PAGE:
France has taken over the helm of an EU in stormy waters: the Irish rejected the Lisbon Treaty, world trade talks are flat-lining and a war broke out on Europe’s borders. All the more reason for the institution to get its act together, says French Ambassador Maurice Gourdault-Montagne. Here he speaks to Elizabeth Stewart about France’s ambitions for the next six months
With the Irish rejection of the Lisbon Treaty, will the French Presidency continue with the ratification process?
For the Lisbon treaty to enter into force it has to be ratified by the 27 member states. Nineteen countries, including France and the UK, have already ratified it through a parliamentary process.
Consulted by referendum, the Irish people rejected this treaty. It’s not clear yet how this issue will be resolved. The first thing we need to know is why the Irish took the stand that they took and whether there is any chance for them to ratify the Treaty. They are the better placed to provide answers to these questions.
It will also matter what stand other countries take: if they are in favour of the Lisbon Treaty, they need to say so by ratifying it. Everybody has to exercise their sovereignty on this issue through their own democratic procedures.
We will have a better idea of where we stand next October, during the first European Summit of the French presidency. How to solve the situation created by the Irish “no” will obviously be a major priority for our Presidency, but considering that we have to let it rest for a little time, France will strive to focus on delivering results in other areas.
Commentators agree that institutional reform is necessary – what options are on the table and which of these would a French presidency prefer?
We have spent the last 10 years discussing and negotiating institutional reform. We consider this Treaty to be a good way out of this long institutional negotiation and we think that the people of Europe want us to conclude this as soon as possible in order to be able to move on to more substantive things, such as delivering the concrete policies they are waiting for on global issues as important as climate change, energy security, financial stability or immigration.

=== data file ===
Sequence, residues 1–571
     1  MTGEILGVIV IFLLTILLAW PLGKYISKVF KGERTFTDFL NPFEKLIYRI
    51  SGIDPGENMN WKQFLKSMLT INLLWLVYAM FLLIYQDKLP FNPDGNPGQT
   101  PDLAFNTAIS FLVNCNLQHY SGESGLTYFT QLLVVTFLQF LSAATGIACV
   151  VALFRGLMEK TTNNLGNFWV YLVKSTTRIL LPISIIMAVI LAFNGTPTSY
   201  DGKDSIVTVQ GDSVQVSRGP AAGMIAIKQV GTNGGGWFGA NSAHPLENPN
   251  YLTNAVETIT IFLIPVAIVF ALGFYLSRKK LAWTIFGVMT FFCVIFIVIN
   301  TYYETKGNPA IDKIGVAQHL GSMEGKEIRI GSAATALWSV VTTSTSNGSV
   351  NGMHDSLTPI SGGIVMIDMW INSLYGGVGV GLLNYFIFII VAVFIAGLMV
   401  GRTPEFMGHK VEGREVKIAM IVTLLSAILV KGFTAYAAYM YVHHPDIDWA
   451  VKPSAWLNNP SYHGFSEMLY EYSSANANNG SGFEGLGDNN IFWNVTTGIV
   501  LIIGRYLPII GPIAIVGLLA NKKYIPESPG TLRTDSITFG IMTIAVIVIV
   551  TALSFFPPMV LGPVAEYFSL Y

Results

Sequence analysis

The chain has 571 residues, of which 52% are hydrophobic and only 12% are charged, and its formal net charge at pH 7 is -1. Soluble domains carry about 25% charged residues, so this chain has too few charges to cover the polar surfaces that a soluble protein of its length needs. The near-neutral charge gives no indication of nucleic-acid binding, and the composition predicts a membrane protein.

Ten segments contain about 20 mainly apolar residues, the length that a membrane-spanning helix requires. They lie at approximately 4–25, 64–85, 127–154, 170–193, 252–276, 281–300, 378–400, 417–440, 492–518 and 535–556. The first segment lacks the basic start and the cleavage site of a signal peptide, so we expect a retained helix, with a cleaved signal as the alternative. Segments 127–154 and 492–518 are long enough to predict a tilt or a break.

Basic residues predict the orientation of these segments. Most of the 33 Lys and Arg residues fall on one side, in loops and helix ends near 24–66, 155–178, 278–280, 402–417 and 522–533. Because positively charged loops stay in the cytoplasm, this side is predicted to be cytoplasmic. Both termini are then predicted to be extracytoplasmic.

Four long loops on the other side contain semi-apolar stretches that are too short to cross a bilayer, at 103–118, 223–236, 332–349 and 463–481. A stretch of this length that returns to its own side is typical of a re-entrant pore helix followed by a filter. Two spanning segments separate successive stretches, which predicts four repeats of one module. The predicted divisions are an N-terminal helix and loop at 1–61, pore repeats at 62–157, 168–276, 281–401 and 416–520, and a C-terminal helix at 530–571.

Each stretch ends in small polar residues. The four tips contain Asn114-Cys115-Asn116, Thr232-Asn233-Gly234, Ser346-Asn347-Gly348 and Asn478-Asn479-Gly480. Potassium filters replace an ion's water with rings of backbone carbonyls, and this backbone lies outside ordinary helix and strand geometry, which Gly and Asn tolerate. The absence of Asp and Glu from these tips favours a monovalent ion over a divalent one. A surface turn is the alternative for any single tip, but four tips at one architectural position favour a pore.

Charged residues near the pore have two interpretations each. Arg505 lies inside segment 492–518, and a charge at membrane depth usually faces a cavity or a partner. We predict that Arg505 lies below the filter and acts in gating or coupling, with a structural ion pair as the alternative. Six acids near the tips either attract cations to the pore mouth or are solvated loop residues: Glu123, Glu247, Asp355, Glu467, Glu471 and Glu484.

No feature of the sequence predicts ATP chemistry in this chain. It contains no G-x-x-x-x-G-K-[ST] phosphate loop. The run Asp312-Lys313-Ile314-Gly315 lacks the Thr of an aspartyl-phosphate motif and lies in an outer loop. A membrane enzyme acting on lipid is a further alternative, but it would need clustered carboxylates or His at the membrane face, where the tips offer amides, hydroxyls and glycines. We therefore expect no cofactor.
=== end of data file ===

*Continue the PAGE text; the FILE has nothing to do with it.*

“I would like to stress that France’s idea is not to build a European Army but to improve everybody’s capacity to act in the face of new and very dangerous threats”
A key objective is getting agreement on the legislative package on energy and climate change – how will green policies be balanced out with keeping the EU competitive?
This is our first priority. We want to confirm European leadership on this matter by putting into force the package which has been decided during the German Presidency which sets out ambitious goals. The task ahead is to decide the specifics: Who does what? What is the contribution of each economic sector?
It is only by showing that we intend to deliver on our commitments that we can effectively influence others to contribute more than they are now doing. But we are not naïve or blind to the risks of EU action for major sectors of its economy if we cannot reach a global agreement on this matter.
This is why we will also start the dialogue on climate change with the new American administration, as well as with major emerging partners (we shall have summits with India and China), in order to lay the groundwork for a deal in 2009 at the Copenhagen conference, so that we can have a successor to the Kyoto Protocol. Minds are changing on this issue in America and in many emerging countries. We have high hopes.
One of the main pillars of the French Presidency is laying the groundwork for an EU defence force (EUDF) and common EU defence policy. Will this be a ‘St Malo II’? How will the EUDF link with Nato – and how does France intend to re-engage with Nato?
First of all I would like to stress that France’s idea is not to build a European Army but to improve everybody’s capacity to act in the face of new and very dangerous threats.
In that sense, I would speak of the strengthening of the European Security and Defence Policy by each single member state, through better cooperation and more defence spending, rather than establishing a EU defence force.
There are many things we could do, such as update the European Security Strategy which was written in 2003 – we have 12 more members of the EU and have to face new threats and draw lessons from the many operations of the EU – 17 so far including five military ones – to better ourselves in the area of post-conflict stabilisation for example, where Europe can play a unique role in the world.
The goal is to a more efficient cooperation between European countries. Common procurement amongst European countries, for example, would allow us all to save considerable amounts and would enhance our capabilities. We have a European Defence Agency with a great potential to do just that, all we need now is some steam to get things moving.
Regarding Nato, our recent white paper on defence and security is quite clear: it points towards France taking its full place, its full role in Nato, to make the Alliance stronger to better transform it. This is very important for President Sarkozy, who would like France to be at the fore of Nato at the same time as we develop new European capacities.
A common EU immigration and asylum policy is also on the agenda – what are the key aspects of this?